Last week, the featured photo was posted on FaceBook by Natural Goodys. It instantly brought a smile to my face and a flood of memories of “black girls’ daily” hair ritual. In my family, my aunt was in charge of doing my cousin, sister and my hair. Being responsible for combing the daughters’ hair was not a chore, but an honor. Being chosen meant that you were the most skilled at detangling, brushing, parting and creating the prettiest styles. The chosen woman was responsible for our coveted “outside image.” She was responsible for making us presentable for school, church or whatever event where we would be seen and possibly evaluated. This title role is equivalent to “maker of the Thanksgiving Turkey” only the best cook in the family gets that charge.
Today, many American mothers are outsourcing the job of doing their daughter’s hair to hairstylists. As we were creating www.Hair1on1.com mothers (African American and non- African American alike) were open about how frustrated they are with not being able easily style their own daughter’s wavy, curly or kinky hair. Both the African American and non – American mother’s felt that they didn’t have the tools to manage their daughters’ hair, thus they are a bound to the salon.
For those African American mothers who grew up experiencing the “black girl’s daily hair ritual” their frustration is not simply with the amount of money they spent at the hair salon. The frustration and sadness these mothers express is of a sense of loss of tradition. These mothers remember sitting on the floor in between their mothers, aunts, and grandmothers legs. These mothers remember being squeezed still by fleshy thighs as they wiggled from the pull and tug of their hair being detangled. They remembered the feeling of loving fingers massaging the pain away. They mourn the time they have missed with their own daughters, the bond over hair woes and victories. They know that just like the recipes they never learned from their grandmothers, they are missing an opportunity to pass on a cultural tradition; the art of doing hair.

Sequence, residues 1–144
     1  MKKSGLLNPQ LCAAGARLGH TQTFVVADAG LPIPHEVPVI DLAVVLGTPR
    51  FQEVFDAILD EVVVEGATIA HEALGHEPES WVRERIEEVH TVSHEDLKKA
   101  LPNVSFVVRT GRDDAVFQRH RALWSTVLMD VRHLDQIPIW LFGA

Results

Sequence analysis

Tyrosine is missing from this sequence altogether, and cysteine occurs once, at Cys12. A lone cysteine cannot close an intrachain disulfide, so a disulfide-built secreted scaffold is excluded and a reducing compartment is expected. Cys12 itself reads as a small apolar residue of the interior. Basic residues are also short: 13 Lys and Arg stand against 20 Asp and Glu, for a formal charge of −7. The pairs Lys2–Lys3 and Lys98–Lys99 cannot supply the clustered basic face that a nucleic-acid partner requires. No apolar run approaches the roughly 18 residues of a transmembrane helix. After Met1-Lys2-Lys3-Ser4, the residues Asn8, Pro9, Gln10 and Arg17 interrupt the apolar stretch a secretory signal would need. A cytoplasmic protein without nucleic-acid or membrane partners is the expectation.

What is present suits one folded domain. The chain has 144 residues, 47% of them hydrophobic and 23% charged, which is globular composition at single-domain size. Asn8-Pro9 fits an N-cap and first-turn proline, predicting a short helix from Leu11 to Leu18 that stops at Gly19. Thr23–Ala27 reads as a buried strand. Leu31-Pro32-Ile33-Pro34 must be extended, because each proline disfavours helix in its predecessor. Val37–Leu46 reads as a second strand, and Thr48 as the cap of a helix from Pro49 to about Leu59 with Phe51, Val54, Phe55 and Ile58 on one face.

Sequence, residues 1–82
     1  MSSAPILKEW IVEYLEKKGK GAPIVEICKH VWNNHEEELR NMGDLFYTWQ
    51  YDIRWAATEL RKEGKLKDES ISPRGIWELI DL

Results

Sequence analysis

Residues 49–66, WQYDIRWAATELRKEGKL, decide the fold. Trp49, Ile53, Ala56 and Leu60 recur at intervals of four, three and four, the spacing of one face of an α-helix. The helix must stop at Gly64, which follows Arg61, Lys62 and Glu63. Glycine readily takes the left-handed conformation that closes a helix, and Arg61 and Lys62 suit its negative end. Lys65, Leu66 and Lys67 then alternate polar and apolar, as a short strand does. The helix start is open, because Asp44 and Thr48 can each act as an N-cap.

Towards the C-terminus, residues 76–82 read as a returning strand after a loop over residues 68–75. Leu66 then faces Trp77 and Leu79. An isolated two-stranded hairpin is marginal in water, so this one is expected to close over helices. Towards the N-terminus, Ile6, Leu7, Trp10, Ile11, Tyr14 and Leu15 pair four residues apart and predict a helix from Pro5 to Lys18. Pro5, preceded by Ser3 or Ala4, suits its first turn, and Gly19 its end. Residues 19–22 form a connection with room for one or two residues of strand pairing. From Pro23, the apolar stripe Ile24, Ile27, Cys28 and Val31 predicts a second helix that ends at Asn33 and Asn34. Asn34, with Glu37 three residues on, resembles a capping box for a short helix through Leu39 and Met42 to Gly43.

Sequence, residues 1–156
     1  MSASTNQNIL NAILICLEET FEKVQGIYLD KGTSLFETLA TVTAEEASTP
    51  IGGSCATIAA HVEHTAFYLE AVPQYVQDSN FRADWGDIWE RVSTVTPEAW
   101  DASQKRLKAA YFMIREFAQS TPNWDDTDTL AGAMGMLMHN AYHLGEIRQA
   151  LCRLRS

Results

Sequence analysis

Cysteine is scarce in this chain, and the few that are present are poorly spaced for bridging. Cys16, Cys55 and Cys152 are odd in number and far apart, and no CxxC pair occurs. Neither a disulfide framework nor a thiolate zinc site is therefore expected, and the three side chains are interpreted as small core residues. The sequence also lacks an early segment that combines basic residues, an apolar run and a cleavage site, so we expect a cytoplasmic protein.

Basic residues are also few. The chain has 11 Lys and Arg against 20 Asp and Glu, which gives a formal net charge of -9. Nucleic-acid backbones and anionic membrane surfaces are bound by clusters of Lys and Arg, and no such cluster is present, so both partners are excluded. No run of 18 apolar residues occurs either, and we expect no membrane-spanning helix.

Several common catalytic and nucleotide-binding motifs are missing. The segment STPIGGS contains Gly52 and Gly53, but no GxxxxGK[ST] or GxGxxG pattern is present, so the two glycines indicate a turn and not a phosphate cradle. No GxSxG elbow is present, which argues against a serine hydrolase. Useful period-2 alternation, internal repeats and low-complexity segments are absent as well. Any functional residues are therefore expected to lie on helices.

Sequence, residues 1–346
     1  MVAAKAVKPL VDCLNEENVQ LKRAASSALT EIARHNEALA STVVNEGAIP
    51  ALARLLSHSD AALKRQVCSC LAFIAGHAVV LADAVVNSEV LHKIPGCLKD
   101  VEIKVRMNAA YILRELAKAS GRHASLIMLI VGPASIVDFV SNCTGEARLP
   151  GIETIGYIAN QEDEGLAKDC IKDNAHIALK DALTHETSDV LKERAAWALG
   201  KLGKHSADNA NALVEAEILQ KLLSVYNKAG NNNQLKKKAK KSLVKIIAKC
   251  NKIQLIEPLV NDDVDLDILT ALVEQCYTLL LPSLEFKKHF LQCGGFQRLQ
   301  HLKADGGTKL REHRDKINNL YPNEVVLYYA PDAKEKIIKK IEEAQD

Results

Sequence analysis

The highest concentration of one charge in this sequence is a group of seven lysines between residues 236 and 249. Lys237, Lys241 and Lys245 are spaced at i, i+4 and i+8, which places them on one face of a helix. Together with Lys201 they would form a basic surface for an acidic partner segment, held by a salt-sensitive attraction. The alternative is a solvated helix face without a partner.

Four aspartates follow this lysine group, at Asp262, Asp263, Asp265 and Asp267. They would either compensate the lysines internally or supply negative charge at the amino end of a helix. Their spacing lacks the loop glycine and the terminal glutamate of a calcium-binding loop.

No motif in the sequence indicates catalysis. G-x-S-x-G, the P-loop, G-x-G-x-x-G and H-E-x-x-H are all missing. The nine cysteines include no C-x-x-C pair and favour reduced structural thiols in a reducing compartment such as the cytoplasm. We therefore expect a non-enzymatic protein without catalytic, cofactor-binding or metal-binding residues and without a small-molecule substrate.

We know that the practice of going to the hair salon will never fade; Black women have a profound unbreakable bond with the “the hair shop.” One of our goals in creating www.Hair1on1.com is to give parents the recipes for managing their own daughter’s hair. Through our series of lessons title Our Daughter’s Hair we want to rekindle the lost art of doing hair by giving parents the tools to “do hair” themselves. There is a time to go to the salon, I am a former salon owner and Sharron currently owns a salon, we encourage those appointments. However, we know that there is something sacred about the time mothers spend doing their own daughters’ hair. We want to give you that time back.
We look forward to helping you make it a great hair day!